Double Chocolate Avocado Mousse

It’s all Carol’s fault – she made me do it! Lovely Carol of Retired? No one told me! She reminds us about the National Mousse Day and then makes an excellent point about all these “national” food days. You have to read her post to get the brunt of her argument: National Mousse Day…Yet another…

Pardon My French… Toast!

Lovely Carol of carolcooks2.com says that today is a National French Toast Day. I don’t know which nation, but I do have a delicious recipe to offer you, Beautiful People. One of those names that varied from country to country, it was called Spanish Toast in Germany, German Toast in Italy, Nun’s Toast in Spain,…

Something Wild About That Turkey

Of all the silly infantile jokes, this one takes the cake (or a pumpkin pie, in this case): What did the turkey say when he saw a computer? “Google, google, google!” I guess that was a wild turkey who had never been introduced to a Publix freezer. But then, if we believe the story about…

Seasoned Veterans and Young Chicken

To all veterans: Happy Veterans Day and thank you for your service! To all Marines: Happy Marine Birthday! This post is dedicated to Jennifer, a beautiful lady with a huge heart, originally from Jamaica, and a retired Marine. When I ran the school, Jennifer was my right hand, my left hand, and most of the…

Bitten by a Chicken – Honey Chicken Bites

Have you ever been bitten by a chicken? No? Chicken don’t bite? Are you sure? What about figuratively, rather than literally, when a whole bunch of people, almost three million of them, got bitten, that is, obsessed, by the same idea? It happened about thirty three hundred years ago, and those people were by no…

Spear Your Meat, But Don’t Spare Your Veggies: Shashlik

When you think of meat on skewers, you probably visualize this: Or, perhaps, if you are even slightly familiar with Georgian cuisine (a country, not a state), this: And you will be on the right track: regardless of countless variations of it, shishkebab definitely has a long military history. I couldn’t help but share with…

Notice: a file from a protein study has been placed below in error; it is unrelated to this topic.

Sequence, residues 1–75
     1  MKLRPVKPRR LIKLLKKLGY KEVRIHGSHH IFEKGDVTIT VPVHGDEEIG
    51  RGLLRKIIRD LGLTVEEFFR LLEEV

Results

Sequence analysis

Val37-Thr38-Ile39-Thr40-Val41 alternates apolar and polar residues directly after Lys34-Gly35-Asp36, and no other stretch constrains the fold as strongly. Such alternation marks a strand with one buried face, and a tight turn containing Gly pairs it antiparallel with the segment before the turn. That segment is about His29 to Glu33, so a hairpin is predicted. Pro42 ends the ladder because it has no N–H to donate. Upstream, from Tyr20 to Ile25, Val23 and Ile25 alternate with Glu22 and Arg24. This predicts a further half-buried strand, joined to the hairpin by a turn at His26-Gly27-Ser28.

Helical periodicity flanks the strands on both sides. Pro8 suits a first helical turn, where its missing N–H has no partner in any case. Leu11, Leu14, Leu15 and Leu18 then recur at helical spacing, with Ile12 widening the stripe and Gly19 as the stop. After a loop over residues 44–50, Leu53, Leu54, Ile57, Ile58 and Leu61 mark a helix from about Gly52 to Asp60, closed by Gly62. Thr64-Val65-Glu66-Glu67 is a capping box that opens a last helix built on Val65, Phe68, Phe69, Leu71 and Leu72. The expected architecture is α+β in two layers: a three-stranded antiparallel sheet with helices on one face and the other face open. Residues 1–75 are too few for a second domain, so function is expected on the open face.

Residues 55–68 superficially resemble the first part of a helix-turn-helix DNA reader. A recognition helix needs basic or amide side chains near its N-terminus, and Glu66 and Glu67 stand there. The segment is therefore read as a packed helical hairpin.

The Great and Glorious Fake Sauce

Louis XIV of France was a great and glorious king who has consolidated a great and glorious country by forging a centralized government – absolute monarchy. Having been scared out of his wits as a teenager during the Fronde rebellion, when he, his mother Anne of Austria –  the Regent, and Cardinal Mazarin fled from…

Hello, Beautiful People!

Today, when I transitioned from the kitchen to my computer (this is a Covid 19 jargon, Beautiful People; we don’t move – we transition), I found this: Happy Anniversary with WordPress.com! You registered on WordPress.com 4 years ago. Thanks for flying with us. Keep up the good blogging. It took me back to this day four years…

I Give You Roti And a Big Hug

Today is the International Dentist Day.  I am sure that many of you, Beautiful People, do not count your visits to a dentist among your most pleasant memories. I, on the other hand, vividly remember lines of patients by my father’s door who had preferred to wait (and suffer!) for hours in order to be…

Raisins in the Pudding

Over forty years ago, as I landed in the U.S., I came across a short poem and was stunned by the powerful images: What happens to a dream deferred? Does it dry up Like a raisin in the sun? Or fester like a sore– And then run? Does it stink like rotten meat? Or crust…

Under Majestic Cranberry Tree

Originally posted on Renard's World:
An unknown French traveler, visiting Russia during summer (there are summers in Russia, Beautiful People!), rested in the shade of a luxuriously leafy crown of a huge tree. Apparently not familiar with Russian flora, he inquired about the name of the tree. “Klyukva – cranberry,”  – with a straight…

The Real Treasure of the Caribbean: Haiti, Part 2. Fried Accra.

Slavery started in Haiti with the arrival of Columbus. Met with friendliness, welcoming gifts, and delicious local fritters called Accra or Akra, he described the native Arawak Taino people as “tractable, and easily led; they could be made to grow crops and build cities” (Mellzer, Slavery: A World History, 1971). And the gentle, helpful natives…